Inverse Modeling of CO2 Sources and Sinks and the Northern Hemisphere sink


Jay Gregg


April 5, 2006


            The goal of inverse modeling is to determine the spatial and temporal distribution of carbon sources and sinks.  This is accomplished by coupling observed carbon dioxide (CO2) concentration and flux data with a planetary transport model, generating predicted pattern of CO2 concentrations for the entire world.  Ideally, the transport model is chosen such that the predicted CO2 concentrations match those measured at various locations around the globe.

            As such, the inverse modeling approach has three basic components: 1) observed atmospheric concentrations of CO2 over terrestrial locations around the globe, 2) observed sea surface concentrations of CO2 and 3) a forward-looking general transport model.  Atmospheric concentrations are based on a global network of on-going flask measurements.  Oceanic observations are predominately transect samples of fractional CO2 concentration of the sea surface water and the atmosphere immediately above it (ΔpCO2).  The ocean concentrations are filled in using a proxy model based on temperature, solubility, turbulence and average wind speed.  The general circulation model (GCM) is formed from available observations and is based on the temporal fluxes of carbon between grid cells on the Earth.  Many various transport models exist, and determining which transport model is most appropriate is the focus of many current studies.  Comparing results across models also permits understanding of the regions and biomes of the Earth that have the greatest uncertainty in the global carbon cycle.

Sources of CO2 include fossil fuel based emissions, cement manufacture, and land use change.  Carbon sinks include photosynthetic productivity, plant response to elevated atmospheric CO2 concentrations, marine uptake.  Of these, the confidence in magnitude, temporal patterns and spatial distribution are currently low.  The only exception is fossil fuels, where data exists to determine the magnitude of emissions on a per country annual scale.  The greatest uncertainty is in the terrestrial uptake, particularly the northern hemisphere. Evidence for the so-called “missing carbon sink” stems from inverse modeling studies; given the known sources and sinks, inverse model results indicate that the predicted CO2 concentrations of the northern hemisphere, and particularly North America, should be much higher than actually observed.  This implies that there must be some terrestrial sink that is not accounted for in the observed flux data.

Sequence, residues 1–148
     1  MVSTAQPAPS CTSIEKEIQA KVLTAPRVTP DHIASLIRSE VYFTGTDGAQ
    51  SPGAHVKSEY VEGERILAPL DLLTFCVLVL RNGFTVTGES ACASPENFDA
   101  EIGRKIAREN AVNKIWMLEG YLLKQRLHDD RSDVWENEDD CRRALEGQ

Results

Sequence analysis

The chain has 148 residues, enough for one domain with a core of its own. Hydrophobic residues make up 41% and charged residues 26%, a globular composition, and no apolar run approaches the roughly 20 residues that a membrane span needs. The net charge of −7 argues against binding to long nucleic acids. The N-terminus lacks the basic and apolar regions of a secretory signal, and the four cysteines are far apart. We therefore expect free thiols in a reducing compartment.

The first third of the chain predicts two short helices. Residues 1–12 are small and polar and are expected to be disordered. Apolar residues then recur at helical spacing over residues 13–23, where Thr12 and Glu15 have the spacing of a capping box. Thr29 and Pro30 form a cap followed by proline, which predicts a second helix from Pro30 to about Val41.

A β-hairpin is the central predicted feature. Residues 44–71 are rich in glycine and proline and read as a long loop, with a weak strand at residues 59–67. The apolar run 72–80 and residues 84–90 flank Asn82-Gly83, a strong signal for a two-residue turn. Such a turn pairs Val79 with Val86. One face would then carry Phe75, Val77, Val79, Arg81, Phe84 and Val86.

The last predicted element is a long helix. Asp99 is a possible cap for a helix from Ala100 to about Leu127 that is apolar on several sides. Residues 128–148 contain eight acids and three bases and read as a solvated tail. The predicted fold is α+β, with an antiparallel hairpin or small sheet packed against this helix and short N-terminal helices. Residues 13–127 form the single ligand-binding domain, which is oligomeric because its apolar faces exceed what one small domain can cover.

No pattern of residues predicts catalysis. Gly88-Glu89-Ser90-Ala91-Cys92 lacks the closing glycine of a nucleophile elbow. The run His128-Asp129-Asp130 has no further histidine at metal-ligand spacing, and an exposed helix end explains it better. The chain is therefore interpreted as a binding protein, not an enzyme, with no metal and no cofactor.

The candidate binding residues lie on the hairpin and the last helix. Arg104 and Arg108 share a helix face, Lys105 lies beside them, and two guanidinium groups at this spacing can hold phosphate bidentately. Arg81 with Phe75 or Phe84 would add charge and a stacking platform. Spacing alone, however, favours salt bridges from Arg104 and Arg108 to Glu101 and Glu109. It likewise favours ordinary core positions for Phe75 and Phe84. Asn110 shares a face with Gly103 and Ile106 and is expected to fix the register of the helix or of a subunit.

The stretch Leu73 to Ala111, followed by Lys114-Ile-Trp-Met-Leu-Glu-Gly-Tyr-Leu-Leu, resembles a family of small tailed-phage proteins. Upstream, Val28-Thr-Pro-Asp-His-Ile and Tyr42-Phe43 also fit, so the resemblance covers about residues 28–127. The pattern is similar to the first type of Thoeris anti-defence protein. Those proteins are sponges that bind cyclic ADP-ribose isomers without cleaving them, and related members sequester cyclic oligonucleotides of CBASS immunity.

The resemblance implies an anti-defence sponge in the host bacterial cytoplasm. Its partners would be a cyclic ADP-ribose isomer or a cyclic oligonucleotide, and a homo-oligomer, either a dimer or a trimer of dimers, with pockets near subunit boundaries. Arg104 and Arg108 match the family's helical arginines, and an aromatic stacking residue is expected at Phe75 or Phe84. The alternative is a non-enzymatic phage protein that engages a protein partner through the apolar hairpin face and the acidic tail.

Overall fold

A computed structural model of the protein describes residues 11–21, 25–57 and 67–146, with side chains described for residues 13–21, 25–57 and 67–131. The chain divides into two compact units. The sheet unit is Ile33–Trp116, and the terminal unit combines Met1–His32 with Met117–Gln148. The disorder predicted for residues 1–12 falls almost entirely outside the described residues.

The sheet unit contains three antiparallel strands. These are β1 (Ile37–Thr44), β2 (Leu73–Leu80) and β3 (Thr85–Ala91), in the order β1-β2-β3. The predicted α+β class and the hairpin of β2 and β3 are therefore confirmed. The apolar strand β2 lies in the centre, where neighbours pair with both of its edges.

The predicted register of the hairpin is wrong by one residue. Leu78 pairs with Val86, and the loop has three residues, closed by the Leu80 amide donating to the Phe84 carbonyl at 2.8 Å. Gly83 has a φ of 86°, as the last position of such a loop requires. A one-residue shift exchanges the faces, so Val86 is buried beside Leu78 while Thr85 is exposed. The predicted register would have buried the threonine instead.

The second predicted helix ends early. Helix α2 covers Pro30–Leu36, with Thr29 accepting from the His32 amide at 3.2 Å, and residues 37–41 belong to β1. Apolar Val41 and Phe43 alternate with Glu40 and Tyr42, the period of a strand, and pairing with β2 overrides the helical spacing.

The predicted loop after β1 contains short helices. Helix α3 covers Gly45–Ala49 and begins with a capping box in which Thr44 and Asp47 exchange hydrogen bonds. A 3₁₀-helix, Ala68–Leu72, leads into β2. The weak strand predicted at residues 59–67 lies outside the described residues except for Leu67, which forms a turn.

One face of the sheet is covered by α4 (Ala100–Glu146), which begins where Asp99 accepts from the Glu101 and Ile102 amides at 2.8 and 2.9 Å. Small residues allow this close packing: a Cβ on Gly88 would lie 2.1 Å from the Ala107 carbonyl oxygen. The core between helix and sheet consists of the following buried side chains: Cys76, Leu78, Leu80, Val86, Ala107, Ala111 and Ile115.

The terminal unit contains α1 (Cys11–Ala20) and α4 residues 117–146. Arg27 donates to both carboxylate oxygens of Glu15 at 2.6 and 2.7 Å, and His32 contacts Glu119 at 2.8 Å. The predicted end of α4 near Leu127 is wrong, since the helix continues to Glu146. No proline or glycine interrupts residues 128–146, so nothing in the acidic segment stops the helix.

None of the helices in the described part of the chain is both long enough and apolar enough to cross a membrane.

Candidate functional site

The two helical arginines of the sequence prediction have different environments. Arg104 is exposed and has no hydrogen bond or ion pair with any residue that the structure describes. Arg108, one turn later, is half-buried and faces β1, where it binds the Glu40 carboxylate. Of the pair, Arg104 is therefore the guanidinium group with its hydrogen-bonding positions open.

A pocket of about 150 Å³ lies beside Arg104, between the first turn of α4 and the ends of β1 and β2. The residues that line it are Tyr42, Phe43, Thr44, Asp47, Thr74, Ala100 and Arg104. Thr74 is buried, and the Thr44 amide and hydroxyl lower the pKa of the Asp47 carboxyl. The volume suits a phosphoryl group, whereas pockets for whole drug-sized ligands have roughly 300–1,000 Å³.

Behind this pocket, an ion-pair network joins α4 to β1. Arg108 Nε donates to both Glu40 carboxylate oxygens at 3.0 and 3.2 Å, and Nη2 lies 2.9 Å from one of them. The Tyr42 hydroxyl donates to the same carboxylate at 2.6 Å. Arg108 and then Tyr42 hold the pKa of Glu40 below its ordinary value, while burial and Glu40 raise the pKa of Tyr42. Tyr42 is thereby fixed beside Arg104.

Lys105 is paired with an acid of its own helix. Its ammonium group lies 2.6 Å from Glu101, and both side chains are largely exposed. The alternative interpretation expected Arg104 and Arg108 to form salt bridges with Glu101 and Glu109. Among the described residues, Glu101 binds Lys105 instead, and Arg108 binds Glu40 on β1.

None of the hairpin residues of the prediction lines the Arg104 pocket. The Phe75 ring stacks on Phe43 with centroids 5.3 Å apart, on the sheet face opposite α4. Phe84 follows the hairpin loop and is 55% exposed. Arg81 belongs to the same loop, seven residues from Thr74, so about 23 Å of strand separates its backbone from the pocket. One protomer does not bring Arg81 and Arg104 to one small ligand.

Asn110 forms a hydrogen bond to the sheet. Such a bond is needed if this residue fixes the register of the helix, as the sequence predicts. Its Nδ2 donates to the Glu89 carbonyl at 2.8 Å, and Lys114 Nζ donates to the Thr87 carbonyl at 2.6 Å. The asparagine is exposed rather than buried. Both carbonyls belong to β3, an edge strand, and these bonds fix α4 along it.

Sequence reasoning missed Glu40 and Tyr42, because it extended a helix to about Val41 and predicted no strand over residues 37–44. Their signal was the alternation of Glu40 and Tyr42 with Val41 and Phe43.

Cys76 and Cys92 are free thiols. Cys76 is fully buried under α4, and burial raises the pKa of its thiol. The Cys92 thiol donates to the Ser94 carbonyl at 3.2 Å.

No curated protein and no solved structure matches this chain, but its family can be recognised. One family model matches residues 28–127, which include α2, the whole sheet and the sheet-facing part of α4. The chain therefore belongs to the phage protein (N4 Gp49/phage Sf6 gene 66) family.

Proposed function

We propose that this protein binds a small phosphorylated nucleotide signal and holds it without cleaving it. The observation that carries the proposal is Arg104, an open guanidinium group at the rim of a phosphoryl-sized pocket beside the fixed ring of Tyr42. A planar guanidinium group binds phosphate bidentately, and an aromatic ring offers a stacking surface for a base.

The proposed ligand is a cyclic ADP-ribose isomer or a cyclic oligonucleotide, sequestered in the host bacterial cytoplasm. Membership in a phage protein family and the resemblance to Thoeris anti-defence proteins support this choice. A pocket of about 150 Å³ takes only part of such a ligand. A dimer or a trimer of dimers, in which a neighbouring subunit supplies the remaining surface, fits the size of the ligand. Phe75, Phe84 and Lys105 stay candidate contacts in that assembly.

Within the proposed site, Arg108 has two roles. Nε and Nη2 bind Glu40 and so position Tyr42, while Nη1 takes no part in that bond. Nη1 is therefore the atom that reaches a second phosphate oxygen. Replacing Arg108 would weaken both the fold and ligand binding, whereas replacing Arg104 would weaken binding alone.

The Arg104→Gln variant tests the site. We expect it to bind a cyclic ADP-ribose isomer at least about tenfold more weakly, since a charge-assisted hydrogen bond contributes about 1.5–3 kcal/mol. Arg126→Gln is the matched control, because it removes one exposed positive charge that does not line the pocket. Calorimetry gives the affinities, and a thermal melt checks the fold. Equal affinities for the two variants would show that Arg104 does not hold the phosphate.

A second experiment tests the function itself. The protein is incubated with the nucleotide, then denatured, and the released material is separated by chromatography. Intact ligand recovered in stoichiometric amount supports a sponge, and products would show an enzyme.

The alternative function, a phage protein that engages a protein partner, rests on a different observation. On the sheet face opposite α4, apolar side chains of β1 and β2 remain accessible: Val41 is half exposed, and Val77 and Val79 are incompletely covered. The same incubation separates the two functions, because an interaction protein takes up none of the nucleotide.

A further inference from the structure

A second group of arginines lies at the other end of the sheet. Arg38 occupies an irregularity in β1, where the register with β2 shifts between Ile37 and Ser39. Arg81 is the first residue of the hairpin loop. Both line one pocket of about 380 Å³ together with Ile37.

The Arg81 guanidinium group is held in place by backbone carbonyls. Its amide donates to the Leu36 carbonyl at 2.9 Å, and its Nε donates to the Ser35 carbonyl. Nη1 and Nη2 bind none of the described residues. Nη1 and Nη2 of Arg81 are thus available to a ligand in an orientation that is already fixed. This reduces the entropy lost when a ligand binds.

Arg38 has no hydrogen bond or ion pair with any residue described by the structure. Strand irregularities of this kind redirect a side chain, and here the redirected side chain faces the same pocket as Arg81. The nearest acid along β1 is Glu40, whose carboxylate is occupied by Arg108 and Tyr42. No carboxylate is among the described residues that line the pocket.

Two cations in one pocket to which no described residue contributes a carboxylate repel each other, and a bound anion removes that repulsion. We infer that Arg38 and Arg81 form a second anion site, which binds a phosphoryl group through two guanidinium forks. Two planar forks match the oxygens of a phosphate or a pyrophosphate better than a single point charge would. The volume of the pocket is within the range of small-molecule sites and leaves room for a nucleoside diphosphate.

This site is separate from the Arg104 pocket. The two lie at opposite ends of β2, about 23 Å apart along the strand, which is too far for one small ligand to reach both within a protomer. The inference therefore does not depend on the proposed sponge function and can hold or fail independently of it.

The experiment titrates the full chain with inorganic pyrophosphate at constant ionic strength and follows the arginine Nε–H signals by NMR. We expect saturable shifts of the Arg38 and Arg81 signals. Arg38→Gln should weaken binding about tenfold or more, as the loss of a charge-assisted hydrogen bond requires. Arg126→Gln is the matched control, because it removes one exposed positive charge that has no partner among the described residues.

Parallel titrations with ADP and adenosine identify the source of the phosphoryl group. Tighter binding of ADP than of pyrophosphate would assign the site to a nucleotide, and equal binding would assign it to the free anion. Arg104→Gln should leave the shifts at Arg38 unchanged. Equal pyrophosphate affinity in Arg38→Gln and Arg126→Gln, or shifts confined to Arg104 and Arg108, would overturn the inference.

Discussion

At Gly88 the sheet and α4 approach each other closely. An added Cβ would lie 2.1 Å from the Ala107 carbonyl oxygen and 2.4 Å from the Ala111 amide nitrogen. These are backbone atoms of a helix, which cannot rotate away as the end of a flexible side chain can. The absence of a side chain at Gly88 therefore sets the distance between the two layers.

Other results from inverse modeling allow understanding of the interactions between various Earth systems.  For instance, there is evidence that the carbon circulation is greatly influenced by the El Nino and La Nina cycles.  Also, the oceanic thermohaline circulation has a large influence on the oceanic sink of carbon.  Volcanic events, such as the 1992 eruption of Mount Pinatubo, affect the radiation the Earth’s surface receives, contributing to a change in photosynthetic net primary productivity.  Temperature and humidity also influence soil respiration, increasing respiration at higher temperatures and humidity.  Finally, inverse modeling allows us to begin to predict the responses in various systems to increased levels of atmospheric CO2 that we are expect to see in the future.